Why I Can’t Eat Mangoes Even Though They’re Yummy

14 Jun

Whenever I’m at the grocery store with George, the first thing we have to do is get a pineapple. In the earlier days of the pineapple obsession, he would take the pineapple home and stick Mr. Potato Head parts into it. He doesn’t do that anymore. He just likes having a pineapple to carry around.

Weird, I know, Other people’s kids carry cuddly teddy-bears around. My son carts around a piece of fruit that could take someone’s eye out.

Anyway, a couple of days ago when we went shopping, I allowed him to pick up the obligatory pineapple. And because fair is fair, I had to allow James to select some fruit as well.

“I want a big, juicy mango,” said James.

No, no, no, no, NOOOOOOOO.

Much to James’ chagrin, I cannot let mangoes into my house. I’m afraid of them. I won’t even walk past them in the grocery store.

“Anything but mangoes,” I said to James, who sulkily selected some pears instead.

I was never really exposed to mangoes until I went to Israel in the early 1990’s. When I had been in Israel for almost a year, I found myself working for a farmer in the Golan Heights, right in the north. For several months, I was a real farm-girl, doing real farm work. I would be up and in the fields by four in the morning, driving my tractor, spraying crops with pesticide, repairing irrigation systems, hanging bananas, you name it.

The pay wasn’t great and the hours were long, but my employer treated me and his other farmhand well, kept us stocked with beer, and allowed us to knock off at lunchtime on Fridays. Best of all, he allowed us free rein to eat the crops we farmed whenever we liked. As a result, most of our breaks were taken under the trees with mango juice dripping from our fingers as we consumed the delicious fruit.

Let me pause for a moment to say that Israel produces fantastic mangoes. They are big and juicy, and oh-so-sweet-and-delicious.

One frightening day, however, my mango-eating heyday had to come to a screeching halt.

On the morning of that fateful day, I noticed a strange-looking mark on my wrist. It was roughly oblong, and looked a bit like a railway track. It was as itchy as hell. I didn’t think anything of it: me and my fellow farmhand, Alan, were always getting cuts and scrapes without really noticing. So I ignored the mark and went on my merry, crop-spraying, mango-eating way.

That night I felt a little under the weather – that feeling you get when you’re coming down with a cold. Assuming that I was, indeed, coming down with a cold, I took some headache pills and went to bed early.

I woke up with a jolt at about midnight, with the nagging feeling that something wasn’t quite right. It didn’t take me long to figure out the problem: I wasn’t breathing. No matter how I tried to expand my lungs, I just couldn’t get any air past my larynx. And so, perhaps understandably, I started to panic.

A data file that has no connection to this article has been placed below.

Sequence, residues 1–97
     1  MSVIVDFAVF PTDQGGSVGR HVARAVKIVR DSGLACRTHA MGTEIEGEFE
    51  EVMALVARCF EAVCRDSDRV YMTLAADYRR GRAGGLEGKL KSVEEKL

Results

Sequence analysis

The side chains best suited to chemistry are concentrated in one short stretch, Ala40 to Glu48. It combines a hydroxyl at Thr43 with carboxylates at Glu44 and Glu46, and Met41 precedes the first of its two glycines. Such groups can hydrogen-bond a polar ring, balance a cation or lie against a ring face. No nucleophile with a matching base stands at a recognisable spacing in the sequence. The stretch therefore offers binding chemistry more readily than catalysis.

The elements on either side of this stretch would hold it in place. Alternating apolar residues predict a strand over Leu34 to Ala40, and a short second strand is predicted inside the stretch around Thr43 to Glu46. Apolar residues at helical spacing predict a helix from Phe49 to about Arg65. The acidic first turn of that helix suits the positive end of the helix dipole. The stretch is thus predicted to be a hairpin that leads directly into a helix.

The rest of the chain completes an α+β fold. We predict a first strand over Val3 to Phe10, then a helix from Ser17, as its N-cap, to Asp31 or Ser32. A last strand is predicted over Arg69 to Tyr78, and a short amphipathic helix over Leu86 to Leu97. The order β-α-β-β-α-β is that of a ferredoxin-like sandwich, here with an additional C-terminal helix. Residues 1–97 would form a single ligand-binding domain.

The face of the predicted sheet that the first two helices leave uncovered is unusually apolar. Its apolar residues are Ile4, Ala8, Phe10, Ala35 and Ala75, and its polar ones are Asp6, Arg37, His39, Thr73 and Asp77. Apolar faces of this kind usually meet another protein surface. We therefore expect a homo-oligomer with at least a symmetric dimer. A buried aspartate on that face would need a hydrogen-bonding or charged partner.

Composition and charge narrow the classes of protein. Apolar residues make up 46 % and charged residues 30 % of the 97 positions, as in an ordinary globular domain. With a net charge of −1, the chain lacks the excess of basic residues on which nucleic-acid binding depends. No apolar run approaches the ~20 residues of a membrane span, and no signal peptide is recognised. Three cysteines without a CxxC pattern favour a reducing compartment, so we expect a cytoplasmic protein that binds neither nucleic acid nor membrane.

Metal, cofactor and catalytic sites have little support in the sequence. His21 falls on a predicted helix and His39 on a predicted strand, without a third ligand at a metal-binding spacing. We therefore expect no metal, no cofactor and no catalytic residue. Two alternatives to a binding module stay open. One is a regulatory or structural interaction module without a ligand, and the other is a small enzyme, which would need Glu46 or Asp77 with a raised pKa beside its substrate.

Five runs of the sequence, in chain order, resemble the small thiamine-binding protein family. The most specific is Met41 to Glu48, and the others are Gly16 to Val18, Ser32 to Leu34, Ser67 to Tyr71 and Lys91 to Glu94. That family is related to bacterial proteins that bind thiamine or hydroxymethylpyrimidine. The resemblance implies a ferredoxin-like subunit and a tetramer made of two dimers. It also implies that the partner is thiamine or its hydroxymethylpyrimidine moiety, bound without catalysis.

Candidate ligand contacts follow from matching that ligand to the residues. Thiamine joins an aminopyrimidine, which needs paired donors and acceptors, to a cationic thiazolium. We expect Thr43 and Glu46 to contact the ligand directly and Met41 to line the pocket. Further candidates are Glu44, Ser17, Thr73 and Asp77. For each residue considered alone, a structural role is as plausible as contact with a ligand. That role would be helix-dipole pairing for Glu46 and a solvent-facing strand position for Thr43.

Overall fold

I realized that somehow, I had to get the attention of Alan, my coworker and room-mate. I would have screamed, only this would have required me to draw breath and that was a problem. So I did the only thing I could think of: I raised my fist and pounded on the wall.

I was aware of Alan stirring and groggily using some colourful language. My persistent banging forced him to get up, though, and he only had to look at me once to realize that something was seriously wrong.

What happened next is a blur, but I know involved a lot of frantic rushing around and a trip to the hospital, where I was diagnosed with a serious and potentially life-threatening allergy to mangoes. I was treated and released the following day, and given a life-long ban on anything to do with mangoes.

I cannot eat them. I cannot touch them – those marks on my skin turned out to be burn marks from mango juice. I cannot even inhabit the same airspace as them, because inhaling their scent can be as bad for me as actually eating them.

Giving up mangoes was tough. Not only the fruit, but the fields. All of a sudden, I was deprived of the fields full of mango trees, with their mixture of hot sunshine and cool shade and of course, the fruits themselves. And I was banished to the banana plantations, with the oppressive overhead leaf coverage, the scorpions hiding in the bunches of bananas, and the fact that the bananas weren’t ripe.

And the fact that twenty years later, I would have to deal with a whining child who couldn’t get a mango in a grocery store.

(Photo credit: http://www.flickr.com/photos/digital1/3060425819)

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One Response to “Why I Can’t Eat Mangoes Even Though They’re Yummy”

  1. Elisha June 14, 2011 at 4:35 PM #

    I too am allergic to Mangos just not as bad a you are. I get small clear filled bumps around my mouth. Similar to cold sores. I love love love them so I make sure not to get any juice on my skin. That sounds scary to have an anaphylactic reaction to mangos. Poor James.

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